The first lines of practically every python script ever begin with the word import. Per the python docs at https://docs.python.org/2/tutorial/modules.html a module is “a file containing Python definitions and statements.” To open a python environment, simply open Terminal and type Python
To import a module just type import followed by the name of the module. A common one is os, so let’s import that:
Now let’s use str to see where it is:
You’ll then see what the script was that is actually the os module and where it can be found/edited/viewed. Now let’s do a couple of basic tasks with os. First, let’s grab the user who’s running the script’s id (still from a standard python interpreter):
Here, we’re using a function that’s built into that os script, and the () is the parameters we’re passing to the function. When run in that interactive mode, you can use os.environ to see what environment variables your python script has access to (e.g. if you’re shelling out a command).
Now let’s use that os to actually shell out a bash command. Here, we’ll set a variable in the python interpreter:
Basically, we just set a variable called bashCommand to contain a simple cat of a log file (quoting it since it has special characters and all that). Next, we’ll use os.system with the variable of the command as the parameter we’re sending into the command:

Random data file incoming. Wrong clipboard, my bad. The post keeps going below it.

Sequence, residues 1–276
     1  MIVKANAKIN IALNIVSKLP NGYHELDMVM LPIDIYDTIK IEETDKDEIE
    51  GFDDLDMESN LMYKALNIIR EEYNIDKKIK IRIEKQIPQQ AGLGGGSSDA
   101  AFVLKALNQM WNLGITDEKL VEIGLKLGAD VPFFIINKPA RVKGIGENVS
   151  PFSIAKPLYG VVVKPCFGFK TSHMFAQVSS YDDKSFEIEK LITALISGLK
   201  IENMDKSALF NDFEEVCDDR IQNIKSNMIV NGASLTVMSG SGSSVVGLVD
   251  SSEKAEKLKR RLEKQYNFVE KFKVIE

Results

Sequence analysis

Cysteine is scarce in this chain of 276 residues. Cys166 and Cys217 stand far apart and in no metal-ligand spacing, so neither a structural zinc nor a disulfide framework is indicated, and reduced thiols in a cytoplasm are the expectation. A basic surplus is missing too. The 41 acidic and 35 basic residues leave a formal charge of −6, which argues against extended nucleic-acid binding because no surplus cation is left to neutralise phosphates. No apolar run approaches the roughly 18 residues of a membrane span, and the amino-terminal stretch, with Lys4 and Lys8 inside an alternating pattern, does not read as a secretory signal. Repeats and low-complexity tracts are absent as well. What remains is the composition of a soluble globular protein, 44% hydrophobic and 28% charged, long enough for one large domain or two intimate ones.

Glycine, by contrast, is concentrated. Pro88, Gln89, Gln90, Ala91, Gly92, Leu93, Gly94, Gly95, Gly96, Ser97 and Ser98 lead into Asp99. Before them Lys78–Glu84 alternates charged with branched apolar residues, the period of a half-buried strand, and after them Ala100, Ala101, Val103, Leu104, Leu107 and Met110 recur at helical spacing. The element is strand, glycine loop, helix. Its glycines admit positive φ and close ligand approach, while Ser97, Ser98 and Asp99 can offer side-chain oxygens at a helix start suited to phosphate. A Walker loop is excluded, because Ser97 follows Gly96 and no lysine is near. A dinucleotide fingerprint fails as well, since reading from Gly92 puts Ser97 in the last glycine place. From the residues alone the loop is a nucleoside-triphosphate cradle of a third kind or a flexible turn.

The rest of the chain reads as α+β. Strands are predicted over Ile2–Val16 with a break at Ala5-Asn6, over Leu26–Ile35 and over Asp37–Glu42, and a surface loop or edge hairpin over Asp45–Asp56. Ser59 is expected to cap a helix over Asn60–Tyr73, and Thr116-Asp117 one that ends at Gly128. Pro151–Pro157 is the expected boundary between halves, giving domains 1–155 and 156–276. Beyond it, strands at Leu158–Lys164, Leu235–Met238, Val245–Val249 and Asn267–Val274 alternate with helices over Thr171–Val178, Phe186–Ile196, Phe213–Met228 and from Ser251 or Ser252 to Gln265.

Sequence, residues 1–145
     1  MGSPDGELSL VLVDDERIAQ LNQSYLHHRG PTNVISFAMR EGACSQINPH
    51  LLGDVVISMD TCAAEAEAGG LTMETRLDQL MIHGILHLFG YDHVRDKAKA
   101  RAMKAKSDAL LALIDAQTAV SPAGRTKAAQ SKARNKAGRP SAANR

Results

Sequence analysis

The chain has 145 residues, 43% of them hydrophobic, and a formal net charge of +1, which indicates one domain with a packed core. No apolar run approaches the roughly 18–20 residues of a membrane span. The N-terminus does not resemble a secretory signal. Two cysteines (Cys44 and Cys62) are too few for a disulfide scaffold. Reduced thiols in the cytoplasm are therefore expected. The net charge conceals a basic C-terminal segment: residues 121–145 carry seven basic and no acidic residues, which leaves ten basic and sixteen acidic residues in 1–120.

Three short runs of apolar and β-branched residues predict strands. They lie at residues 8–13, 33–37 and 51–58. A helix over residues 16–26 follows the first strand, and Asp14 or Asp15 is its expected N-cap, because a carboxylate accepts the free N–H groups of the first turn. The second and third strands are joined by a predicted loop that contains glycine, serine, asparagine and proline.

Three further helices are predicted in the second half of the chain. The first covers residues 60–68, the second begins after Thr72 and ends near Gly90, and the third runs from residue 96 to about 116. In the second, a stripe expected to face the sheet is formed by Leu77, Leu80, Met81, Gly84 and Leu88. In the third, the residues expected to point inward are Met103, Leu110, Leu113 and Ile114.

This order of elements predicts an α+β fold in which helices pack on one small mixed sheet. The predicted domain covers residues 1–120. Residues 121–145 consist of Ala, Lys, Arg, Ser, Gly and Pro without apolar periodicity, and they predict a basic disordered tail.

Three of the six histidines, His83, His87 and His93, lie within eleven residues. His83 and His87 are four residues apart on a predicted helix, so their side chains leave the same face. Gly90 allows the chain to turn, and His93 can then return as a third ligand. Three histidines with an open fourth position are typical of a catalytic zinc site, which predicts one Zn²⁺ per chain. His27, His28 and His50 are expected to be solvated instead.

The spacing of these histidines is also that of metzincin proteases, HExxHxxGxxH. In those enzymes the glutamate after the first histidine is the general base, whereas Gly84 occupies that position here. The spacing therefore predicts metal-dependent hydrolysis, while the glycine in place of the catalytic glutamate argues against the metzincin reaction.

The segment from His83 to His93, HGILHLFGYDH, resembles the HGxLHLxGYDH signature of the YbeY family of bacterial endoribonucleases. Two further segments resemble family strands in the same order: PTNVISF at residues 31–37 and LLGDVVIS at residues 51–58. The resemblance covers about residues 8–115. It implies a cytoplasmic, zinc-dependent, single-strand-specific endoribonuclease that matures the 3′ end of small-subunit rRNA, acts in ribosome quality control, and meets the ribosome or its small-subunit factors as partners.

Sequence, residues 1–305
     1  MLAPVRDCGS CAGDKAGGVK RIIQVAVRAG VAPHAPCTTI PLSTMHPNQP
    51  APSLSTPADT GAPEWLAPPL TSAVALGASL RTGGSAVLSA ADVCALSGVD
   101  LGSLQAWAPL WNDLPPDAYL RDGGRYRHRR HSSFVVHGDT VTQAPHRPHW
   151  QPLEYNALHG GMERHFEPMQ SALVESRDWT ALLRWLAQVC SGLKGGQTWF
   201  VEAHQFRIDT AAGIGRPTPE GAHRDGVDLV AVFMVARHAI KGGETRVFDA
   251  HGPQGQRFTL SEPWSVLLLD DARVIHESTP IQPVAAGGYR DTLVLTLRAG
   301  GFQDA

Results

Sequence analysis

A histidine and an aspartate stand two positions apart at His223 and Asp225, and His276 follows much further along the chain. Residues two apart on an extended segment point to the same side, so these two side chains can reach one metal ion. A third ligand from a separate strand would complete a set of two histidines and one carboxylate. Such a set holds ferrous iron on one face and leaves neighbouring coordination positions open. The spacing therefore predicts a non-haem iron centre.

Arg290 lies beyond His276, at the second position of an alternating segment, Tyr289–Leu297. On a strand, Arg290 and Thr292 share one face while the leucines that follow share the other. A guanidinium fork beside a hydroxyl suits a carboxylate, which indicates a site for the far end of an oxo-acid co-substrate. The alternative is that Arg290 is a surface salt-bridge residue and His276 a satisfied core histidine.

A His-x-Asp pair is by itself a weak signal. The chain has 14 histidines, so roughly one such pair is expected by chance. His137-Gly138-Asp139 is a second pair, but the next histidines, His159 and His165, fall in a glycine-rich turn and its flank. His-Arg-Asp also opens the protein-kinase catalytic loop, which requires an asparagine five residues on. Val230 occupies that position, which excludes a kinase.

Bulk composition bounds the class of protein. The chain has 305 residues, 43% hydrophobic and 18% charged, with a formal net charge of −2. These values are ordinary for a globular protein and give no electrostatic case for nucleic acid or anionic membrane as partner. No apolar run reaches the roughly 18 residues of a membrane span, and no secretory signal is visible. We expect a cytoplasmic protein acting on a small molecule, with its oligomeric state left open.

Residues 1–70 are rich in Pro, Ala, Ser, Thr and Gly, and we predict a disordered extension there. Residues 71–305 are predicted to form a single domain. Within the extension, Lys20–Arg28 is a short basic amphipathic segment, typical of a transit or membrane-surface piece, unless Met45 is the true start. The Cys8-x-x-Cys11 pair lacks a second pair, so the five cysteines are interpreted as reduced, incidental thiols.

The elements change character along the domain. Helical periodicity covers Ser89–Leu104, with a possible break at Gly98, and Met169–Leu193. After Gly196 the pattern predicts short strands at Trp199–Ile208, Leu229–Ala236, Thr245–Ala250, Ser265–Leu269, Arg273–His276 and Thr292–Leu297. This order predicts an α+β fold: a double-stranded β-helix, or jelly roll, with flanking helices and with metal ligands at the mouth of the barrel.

Now I can clear the contents of that bashCommand variable using the del command, still from within that python console:
When a module is imported, the interpreter first searches for a built-in module with the name you supply. If the interpreter can’t find a module, it will then search through the current working directory, then the PYTHONPATH wet in sys.path and . If not found, it then searches for a file named spam.py in a list of directories given by the variable sys.path. Now, let’s import urllib and check out what functions it has:
Then let’s ask for help for one of them:
The response will look something like this (ymmv):
urljoin(base, url, allow_fragments=True)
Join a base URL and a possibly relative URL to form an absolute
interpretation of the latter.
Now you know what goes in the parenthesis when you actually call the function from within your scripts.